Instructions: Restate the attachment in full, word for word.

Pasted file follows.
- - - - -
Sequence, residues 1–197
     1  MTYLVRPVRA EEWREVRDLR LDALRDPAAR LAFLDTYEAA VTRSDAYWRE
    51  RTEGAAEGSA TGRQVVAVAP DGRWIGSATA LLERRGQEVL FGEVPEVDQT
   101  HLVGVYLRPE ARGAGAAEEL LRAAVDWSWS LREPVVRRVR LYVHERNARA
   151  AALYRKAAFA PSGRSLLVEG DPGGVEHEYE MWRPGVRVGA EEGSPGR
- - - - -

Sequence, residues 1–197
     1  MTYLVRPVRA EEWREVRDLR LDALRDPAAR LAFLDTYEAA VTRSDAYWRE
    51  RTEGAAEGSA TGRQVVAVAP DGRWIGSATA LLERRGQEVL FGEVPEVDQT
   101  HLVGVYLRPE ARGAGAAEEL LRAAVDWSWS LREPVVRRVR LYVHERNARA
   151  AALYRKAAFA PSGRSLLVEG DPGGVEHEYE MWRPGVRVGA EEGSPGR